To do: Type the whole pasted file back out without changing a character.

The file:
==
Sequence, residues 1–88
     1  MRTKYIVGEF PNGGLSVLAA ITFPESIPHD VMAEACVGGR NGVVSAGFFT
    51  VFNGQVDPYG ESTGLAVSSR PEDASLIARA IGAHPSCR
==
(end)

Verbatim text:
Sequence, residues 1–88
     1  MRTKYIVGEF PNGGLSVLAA ITFPESIPHD VMAEACVGGR NGVVSAGFFT
    51  VFNGQVDPYG ESTGLAVSSR PEDASLIARA IGAHPSCR